The source code for Windows XP SP1 and other versions of the operating system was allegedly leaked online today.
The leaker claims to have spent the last two months compiling a collection of leaked Microsoft source code. This 43GB collection was then released today as a torrent on the 4chan forum .
Included in this torrent is the alleged source code for Windows XP and Windows Server 2003, as well as an assortment of even older versions of the operating system.
The contents of the torrent include:
- MS DOS 3.30
- MS DOS 6.0
- Windows 2000
- Windows CE 3
- Windows CE 4
- Windows CE 5
- Windows Embedded 7
- Windows Embedded CE
- Windows NT 3.5
- Windows NT 4
The torrent also includes a media folder containing a bizarre collection of conspiracy theory videos about Bill Gates.
In addition to the torrent, a smaller 2.9GB 7zip file containing only the source code for Windows XP and Windows Server 2003 is being distributed online as well.
The leaker states that the Windows XP source has been passed around privately between hackers for years, but was released publicly for the first time today.
BleepingComputer has seen the source, but we have no way of confirming if it is the actual source code for Windows XP or Windows Server 2003.
We have contacted Microsoft to confirm whether the leaked source is legitimate but have not heard back.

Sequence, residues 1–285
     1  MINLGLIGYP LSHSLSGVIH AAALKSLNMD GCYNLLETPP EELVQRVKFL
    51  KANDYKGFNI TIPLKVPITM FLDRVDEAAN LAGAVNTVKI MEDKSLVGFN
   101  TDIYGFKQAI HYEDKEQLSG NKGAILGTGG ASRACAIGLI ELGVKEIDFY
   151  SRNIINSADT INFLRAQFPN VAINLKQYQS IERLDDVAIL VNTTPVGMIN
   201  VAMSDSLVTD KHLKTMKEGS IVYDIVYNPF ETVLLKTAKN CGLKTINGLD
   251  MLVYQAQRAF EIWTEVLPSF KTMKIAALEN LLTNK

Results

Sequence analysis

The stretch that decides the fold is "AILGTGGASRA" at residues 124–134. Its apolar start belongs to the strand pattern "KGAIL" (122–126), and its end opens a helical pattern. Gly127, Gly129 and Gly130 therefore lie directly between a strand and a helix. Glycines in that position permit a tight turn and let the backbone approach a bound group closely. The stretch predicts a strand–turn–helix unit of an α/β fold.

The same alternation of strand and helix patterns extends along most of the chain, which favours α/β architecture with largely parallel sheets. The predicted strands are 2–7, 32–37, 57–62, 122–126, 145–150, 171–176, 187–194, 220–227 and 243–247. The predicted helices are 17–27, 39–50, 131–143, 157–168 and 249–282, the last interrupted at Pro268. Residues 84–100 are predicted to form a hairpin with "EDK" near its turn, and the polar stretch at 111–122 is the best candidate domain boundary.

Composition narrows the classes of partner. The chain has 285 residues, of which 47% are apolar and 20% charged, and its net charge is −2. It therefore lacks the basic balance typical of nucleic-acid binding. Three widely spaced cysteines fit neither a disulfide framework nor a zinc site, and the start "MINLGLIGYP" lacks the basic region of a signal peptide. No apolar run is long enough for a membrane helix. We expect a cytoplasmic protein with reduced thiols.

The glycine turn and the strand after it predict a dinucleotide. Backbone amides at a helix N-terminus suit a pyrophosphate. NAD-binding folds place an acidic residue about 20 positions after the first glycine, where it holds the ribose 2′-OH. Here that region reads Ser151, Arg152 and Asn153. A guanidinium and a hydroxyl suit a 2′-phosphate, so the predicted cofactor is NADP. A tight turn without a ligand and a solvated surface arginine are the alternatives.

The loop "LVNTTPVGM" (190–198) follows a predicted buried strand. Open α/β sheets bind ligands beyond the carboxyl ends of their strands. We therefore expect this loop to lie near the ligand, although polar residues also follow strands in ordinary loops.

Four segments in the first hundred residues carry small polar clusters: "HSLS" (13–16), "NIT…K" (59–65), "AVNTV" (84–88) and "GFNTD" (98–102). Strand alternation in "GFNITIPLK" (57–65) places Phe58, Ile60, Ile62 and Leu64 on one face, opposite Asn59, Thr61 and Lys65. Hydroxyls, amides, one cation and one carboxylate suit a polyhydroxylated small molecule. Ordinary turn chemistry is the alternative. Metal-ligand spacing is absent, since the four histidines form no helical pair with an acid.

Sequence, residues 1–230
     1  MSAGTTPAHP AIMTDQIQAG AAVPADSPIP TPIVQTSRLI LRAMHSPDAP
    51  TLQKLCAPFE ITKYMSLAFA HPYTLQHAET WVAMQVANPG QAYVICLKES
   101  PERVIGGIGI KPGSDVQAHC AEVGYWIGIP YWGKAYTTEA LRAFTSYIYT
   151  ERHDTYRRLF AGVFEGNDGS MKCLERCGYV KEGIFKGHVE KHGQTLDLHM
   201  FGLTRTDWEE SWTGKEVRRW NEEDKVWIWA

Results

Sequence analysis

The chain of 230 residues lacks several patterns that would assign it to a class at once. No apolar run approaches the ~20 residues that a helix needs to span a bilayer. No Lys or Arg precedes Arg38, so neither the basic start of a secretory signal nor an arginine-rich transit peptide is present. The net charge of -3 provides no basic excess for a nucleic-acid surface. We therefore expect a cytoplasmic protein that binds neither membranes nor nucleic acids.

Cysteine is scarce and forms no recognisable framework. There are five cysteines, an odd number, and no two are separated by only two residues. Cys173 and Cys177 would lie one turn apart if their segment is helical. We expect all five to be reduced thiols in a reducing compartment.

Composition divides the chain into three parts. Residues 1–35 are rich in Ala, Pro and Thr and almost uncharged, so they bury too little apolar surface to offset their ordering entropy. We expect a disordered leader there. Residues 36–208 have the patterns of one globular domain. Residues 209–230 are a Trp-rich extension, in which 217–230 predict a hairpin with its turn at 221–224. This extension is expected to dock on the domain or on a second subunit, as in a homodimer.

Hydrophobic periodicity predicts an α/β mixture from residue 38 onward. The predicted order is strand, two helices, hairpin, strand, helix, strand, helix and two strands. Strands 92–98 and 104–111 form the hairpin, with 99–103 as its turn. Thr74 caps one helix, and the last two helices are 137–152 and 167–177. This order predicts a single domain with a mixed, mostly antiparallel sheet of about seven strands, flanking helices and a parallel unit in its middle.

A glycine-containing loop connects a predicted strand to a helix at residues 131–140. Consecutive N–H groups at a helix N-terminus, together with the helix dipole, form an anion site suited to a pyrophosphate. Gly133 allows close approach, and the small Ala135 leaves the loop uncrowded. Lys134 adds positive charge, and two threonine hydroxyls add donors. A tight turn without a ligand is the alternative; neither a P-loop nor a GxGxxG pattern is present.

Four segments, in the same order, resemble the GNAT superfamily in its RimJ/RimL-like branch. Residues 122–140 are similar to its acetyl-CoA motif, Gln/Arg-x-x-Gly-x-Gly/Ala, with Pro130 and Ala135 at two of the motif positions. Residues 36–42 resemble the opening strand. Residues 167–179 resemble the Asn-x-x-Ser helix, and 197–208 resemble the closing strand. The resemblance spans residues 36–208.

BleepingComputer will not be sharing links to the leaks.
Does this source code raise security concerns?
While Windows XP was released almost 20 years ago, if any code is still used in modern versions of Windows, this leak could be a potential security risk.
Source code is human-readable instructions that tell a computer how a program should run. This source code is then compiled into a binary executable format that can be executed by the computer.
It was always possible to reverse engineer Windows to find bugs, but by having the source, it makes it much easier to get a detailed look into the inner workings of the Windows operating system.
If exploitable bugs are found in the Windows XP source code, and the code is still used in Windows 10, threat actors could exploit the bug in the modern version of the operating system.
For most people, though, this leak will just let them get a peek into Windows history.